An Exclusive Interview with Nida Khan, CEO, Nash fintechX
Q: Nida, as a developer of some pioneering technological tools for Islamic finance, including the first Islamic finance app, blockchain consensus mechanism and a decentralised app for crowdfunding, how would you assess their impact on the growth of Islamic banking and finance industry as a whole?
A: The Islamic finance app has been very well received with Android so far depicting 10k+installs. The apps were the output of creative pursuits to know the development environments in iOS and Android and were launched as a service. The apps helped in increasing awareness of the industry. The IP rights of the decentralised app for crowdfunding and other similar projects, that I did, are owned by ConexCap and are yet to be launched in the market. I conducted educational sessions around them, many of which were organised by ConexCap.
These helped in streamlining the focus of the industry towards blockchain and AI. The blockchain consensus mechanism was a part of my PhD research work and has not been commercialised till now. I see Solana blockchain is also using a similar idea of keeping time as the consensus mechanism I came up with using Lamport’s logical clocks, but everything in the ecosystem depends on how fast you deliver a product/ service to the market, which in turn depends on receiving the necessary funding as a young entrepreneur. My initiatives so far have impacted the course of the industry at large in pivoting it towards a technology-grounded domain. I am hopeful that my contributions will greatly benefit the digital transformation journey we are going through.
My latest offering is GreenChainX, a blockchain-based software, which helps to prevent greenwashing and provides a secondary market for trading carbon credits using NFTs. The software has a GUI to remove the complexities associated with the use of blockchain. Additionally, the software uses a blockchain platform that is green so there is no energy consumption by virtue of mining of Bitcoin and Ethereum. I am confident that GreenChainX, will tackle the present issues of climate change in a goal-oriented and structured way.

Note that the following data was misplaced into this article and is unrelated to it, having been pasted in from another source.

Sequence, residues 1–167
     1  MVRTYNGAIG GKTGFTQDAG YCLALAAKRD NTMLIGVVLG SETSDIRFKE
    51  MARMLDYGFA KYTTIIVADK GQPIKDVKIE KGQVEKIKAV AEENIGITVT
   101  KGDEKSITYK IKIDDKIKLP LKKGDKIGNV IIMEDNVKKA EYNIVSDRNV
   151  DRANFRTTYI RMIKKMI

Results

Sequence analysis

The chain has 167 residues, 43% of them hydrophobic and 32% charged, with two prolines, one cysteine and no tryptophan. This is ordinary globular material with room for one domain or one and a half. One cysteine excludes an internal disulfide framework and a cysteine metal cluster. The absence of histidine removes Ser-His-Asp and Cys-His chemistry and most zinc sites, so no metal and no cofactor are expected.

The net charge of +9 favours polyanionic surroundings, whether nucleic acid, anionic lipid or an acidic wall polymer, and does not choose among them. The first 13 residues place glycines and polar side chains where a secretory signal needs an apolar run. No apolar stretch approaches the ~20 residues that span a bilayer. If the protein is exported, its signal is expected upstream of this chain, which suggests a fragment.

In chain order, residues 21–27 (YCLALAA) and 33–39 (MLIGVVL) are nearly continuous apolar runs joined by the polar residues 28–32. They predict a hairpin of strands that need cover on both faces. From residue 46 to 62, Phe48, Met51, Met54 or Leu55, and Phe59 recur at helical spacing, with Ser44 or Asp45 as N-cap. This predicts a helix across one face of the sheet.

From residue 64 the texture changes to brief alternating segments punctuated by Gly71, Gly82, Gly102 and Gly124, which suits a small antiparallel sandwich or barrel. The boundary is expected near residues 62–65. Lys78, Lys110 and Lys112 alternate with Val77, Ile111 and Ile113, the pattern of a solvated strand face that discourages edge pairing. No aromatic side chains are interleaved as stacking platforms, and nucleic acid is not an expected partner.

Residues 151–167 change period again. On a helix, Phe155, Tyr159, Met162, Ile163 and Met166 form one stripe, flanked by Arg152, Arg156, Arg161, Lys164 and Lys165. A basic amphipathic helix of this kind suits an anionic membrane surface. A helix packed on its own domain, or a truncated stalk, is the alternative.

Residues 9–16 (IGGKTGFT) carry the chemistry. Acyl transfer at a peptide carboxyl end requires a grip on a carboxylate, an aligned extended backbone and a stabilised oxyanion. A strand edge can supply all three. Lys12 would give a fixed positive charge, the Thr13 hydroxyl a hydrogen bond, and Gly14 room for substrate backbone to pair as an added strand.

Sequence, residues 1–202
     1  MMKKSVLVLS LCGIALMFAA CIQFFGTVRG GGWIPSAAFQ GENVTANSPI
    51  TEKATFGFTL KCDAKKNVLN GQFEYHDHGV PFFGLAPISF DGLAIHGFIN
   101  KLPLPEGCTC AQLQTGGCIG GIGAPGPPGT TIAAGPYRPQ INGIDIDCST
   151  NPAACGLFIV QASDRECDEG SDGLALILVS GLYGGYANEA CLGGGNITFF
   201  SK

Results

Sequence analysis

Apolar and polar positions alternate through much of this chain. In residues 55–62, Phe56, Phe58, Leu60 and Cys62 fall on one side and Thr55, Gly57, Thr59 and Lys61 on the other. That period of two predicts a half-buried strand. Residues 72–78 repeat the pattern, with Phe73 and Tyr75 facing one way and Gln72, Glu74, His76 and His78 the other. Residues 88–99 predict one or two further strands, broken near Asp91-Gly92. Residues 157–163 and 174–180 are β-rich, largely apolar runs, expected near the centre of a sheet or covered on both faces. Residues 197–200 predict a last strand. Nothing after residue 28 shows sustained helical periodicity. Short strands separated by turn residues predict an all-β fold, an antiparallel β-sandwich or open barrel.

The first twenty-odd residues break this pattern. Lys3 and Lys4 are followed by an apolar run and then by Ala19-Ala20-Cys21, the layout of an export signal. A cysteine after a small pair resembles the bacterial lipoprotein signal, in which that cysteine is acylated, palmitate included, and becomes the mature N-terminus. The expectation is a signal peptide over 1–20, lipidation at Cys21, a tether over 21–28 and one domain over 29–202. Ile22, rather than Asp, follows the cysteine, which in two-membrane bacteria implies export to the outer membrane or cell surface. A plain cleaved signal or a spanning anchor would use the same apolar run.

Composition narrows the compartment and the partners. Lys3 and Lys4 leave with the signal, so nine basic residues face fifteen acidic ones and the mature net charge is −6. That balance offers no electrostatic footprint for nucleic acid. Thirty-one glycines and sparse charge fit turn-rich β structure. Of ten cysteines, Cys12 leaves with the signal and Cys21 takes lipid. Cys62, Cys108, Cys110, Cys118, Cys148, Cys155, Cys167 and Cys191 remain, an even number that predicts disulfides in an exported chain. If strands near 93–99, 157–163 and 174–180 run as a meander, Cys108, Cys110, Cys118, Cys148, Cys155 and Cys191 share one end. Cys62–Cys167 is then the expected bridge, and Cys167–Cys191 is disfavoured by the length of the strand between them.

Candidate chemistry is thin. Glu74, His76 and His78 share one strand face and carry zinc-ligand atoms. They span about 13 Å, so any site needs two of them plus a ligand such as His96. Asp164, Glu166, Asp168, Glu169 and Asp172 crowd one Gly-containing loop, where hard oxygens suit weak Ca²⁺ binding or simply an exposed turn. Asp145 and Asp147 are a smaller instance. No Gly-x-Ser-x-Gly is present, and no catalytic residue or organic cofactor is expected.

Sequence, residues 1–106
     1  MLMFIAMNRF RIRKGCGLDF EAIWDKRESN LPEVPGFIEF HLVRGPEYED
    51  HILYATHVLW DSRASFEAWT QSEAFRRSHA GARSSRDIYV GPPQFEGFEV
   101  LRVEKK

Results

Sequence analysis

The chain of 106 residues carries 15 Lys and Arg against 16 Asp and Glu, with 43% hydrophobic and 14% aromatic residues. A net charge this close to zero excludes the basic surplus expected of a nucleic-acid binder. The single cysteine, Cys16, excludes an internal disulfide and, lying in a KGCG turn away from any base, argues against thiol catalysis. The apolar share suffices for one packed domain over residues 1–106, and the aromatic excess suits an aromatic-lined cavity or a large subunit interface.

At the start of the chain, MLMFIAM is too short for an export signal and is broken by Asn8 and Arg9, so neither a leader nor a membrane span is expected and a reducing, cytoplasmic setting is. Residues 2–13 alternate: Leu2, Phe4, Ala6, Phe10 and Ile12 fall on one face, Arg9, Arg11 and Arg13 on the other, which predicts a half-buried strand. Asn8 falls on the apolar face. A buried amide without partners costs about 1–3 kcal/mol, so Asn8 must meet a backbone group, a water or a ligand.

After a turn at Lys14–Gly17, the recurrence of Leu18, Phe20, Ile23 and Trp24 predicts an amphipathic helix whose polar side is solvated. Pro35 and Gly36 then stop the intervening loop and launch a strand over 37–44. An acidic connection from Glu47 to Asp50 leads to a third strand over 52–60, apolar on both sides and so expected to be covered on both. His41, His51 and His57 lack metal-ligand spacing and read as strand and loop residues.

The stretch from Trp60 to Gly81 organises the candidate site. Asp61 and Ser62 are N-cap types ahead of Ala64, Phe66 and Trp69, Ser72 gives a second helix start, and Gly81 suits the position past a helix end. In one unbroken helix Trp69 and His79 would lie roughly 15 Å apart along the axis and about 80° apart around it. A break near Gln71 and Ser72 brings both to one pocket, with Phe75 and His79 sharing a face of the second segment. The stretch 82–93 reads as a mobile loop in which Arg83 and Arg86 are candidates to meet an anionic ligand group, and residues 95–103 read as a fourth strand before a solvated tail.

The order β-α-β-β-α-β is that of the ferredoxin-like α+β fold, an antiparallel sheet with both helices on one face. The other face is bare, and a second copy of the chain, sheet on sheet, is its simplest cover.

Q: Any ideas to share on how more technological innovations to drive Islamic finance can be pursued?
A: Technological innovations would come when there is a demand for them in the Islamic finance market. My perception is that the Islamic finance industry is not very active in the R&D area, which lays down the fertile ground for innovations. The general population, too, is focused on putting forward innovative solutions in domains, where investment would come easily, which further drives away innovative minds from pouring their creative zeal into finding solutions for the industry. We are living in an age of transformation so if novel ideas don’t receive funding and novel solutions are not supported, we would soon face a time where the industry would be secondary consumers of products, developed and tested by the finance community in general.
Q: What do you think are the areas that Islamic finance should be focusing on, especially in a context where innovation and venture capital are the main drivers in an increasingly competitive world?
A: I would say the automation of document processing, which has become a dire need in the wake of the pandemic and the increase in demand for digital services. Sustainability is another focus area where efforts should be made to provide solutions for combatting climate change. Another focus area, which is the foundation of all other financial sub-sectors, is data harnessing for deriving insights, providing personalised services and making predictions. In terms of technology, the major ones that would help to steer the industry forward are artificial intelligence, graph databases, blockchain, and IoT.
Q: New developments like fintech and crowdfunding have grown exponentially of late. What do you think are the reasons for this and how could it be taken forward to reach its maximum potential?
A: The consumer of today has a lot of options in the market and this drives consumption towards those services that incur a minimal cost, are offered in real-time, involve minimum effort on the side of the consumer and are tailored to his preferences. This has led to fintech initiatives by young players as existing financial institutions are not able to adapt to the changes in market dynamics with the agility depicted by a smaller team.
Similarly, the average consumer has more investment avenues available on account of the digital infrastructure gaining ground. Young businesses now capitalise on the power of the community through crowdfunding, where amateur investors are driven more by market sentiment than the rigorous due diligence output by traditional investors. Thus, the requested capital is gained easily. If the idea and team are good, the business sees success resulting from faster delivery of the promised product on account of early market adoption and revenue enhancement.
If traditional financial organisations support new fintech players, then the association can be mutually symbiotic that benefits both parties. The fintech players can easily achieve whereas the traditional financial organisation would take a long time like developing a technical solution to cater to an emerging market need. The fintech player would thus gain an advantage by the existing trust enjoyed by the older organisation and capital provided by it. Similarly, if crowdfunding campaigns are supported by an established investor, then it would be easier to raise capital from the public.